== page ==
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Iron-rich clay minerals on Mars - Potential sources or sinks for hydrogen and indicators of hydrogen loss over timeAlthough direct evidence is lacking, indirect evidence suggests that iron-rich clay minerals or poorly-ordered chemical equivalents are widespread on the Martian surface. Such clays can act as sources or sinks for hydrogen ('hydrogen sponges'). Ferrous clays can lose hydrogen and ferric clays gain it by the coupled substitution Fe(3+)O(Fe(2+)OH)-1, equivalent to minus atomic H. This 'oxy-clay' substitution involves only proton and electron migration through the crystal structure, and therefore occurs nondestructively and reversibly, at relatively low temperatures. The reversible, low-temperature nature of this reaction contrasts with the irreversible nature of destructive dehydroxylation (H2O loss) suffered by clays heated to high temperatures. In theory, metastable ferric oxy-clays formed by dehydrogenation of ferrous clays over geologic time could, if exposed to water vapor, extract the hydrogen from it, releasing oxygen.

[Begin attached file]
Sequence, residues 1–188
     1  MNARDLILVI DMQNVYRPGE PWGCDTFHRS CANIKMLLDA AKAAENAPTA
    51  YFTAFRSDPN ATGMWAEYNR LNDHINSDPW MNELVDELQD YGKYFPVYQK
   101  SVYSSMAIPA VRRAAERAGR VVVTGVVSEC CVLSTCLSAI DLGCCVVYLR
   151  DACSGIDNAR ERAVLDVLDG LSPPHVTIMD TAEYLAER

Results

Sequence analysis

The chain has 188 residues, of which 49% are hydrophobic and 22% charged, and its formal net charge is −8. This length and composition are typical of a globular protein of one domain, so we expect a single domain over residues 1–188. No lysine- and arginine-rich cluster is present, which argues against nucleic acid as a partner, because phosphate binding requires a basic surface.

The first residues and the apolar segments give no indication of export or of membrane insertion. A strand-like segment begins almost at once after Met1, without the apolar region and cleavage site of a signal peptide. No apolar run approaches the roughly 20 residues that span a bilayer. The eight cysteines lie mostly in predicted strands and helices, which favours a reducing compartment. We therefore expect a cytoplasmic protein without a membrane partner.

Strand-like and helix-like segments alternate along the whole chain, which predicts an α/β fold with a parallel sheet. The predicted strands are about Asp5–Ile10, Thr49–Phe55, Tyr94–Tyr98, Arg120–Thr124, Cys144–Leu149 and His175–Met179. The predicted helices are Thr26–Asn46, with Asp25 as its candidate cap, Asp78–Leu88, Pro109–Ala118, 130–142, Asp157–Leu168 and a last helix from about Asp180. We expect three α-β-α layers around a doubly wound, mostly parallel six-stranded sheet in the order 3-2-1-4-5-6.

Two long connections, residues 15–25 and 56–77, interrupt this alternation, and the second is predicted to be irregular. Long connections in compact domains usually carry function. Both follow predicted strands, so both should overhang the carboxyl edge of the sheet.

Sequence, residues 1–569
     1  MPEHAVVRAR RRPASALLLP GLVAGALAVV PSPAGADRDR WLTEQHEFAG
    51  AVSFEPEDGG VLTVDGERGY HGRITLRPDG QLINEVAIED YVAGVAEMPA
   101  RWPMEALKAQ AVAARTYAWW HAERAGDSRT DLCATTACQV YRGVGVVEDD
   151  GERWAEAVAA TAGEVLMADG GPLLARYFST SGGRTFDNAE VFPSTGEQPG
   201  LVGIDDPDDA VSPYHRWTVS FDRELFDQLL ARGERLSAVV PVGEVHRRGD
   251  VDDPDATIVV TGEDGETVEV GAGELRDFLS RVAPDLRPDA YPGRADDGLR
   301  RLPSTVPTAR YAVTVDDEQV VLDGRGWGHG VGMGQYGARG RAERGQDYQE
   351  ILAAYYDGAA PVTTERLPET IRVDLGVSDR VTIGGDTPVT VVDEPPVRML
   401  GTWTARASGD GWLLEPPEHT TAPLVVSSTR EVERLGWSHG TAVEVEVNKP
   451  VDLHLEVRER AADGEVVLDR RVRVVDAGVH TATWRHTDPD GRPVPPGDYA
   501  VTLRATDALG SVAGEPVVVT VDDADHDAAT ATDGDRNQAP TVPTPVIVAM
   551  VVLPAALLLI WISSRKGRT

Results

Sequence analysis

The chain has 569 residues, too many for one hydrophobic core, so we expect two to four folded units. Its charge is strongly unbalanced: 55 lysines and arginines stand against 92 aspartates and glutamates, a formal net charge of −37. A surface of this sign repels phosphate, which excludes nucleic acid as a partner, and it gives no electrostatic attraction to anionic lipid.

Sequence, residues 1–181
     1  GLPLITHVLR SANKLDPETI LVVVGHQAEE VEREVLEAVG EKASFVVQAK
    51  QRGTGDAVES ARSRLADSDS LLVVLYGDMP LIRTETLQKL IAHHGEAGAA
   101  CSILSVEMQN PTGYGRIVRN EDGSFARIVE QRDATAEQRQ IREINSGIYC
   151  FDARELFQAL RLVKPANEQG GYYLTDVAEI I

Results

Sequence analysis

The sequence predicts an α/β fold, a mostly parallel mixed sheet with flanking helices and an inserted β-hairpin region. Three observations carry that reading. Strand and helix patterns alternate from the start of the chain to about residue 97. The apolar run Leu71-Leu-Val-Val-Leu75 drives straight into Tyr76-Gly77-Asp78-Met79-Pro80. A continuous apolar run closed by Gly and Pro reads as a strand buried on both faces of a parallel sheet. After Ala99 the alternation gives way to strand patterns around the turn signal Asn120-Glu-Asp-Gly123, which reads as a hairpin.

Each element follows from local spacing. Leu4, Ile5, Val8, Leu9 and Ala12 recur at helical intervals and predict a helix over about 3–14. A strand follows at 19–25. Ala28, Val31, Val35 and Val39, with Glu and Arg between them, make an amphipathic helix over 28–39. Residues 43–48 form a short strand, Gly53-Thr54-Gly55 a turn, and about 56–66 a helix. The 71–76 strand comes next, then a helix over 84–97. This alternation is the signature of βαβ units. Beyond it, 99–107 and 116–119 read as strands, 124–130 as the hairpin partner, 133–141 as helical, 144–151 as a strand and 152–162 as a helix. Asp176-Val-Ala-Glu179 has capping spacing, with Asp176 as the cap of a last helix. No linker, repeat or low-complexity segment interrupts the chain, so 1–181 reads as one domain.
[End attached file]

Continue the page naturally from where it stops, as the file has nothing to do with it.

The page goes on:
Document ID
Acquisition Source
Legacy CDMS
Document Type
Conference Paper
Burt, D. M.
(Arizona State University Tempe, United States)
Date Acquired
August 14, 2013
Publication Date
January 1, 1989
Subject Category
Lunar And Planetary Exploration
Meeting Information
Meeting: Lunar and Planetary Science Conference
Location: Houston, TX
Country: United States
Start Date: March 14, 1988
End Date: March 18, 1988
Accession Number
Funding Number(s)
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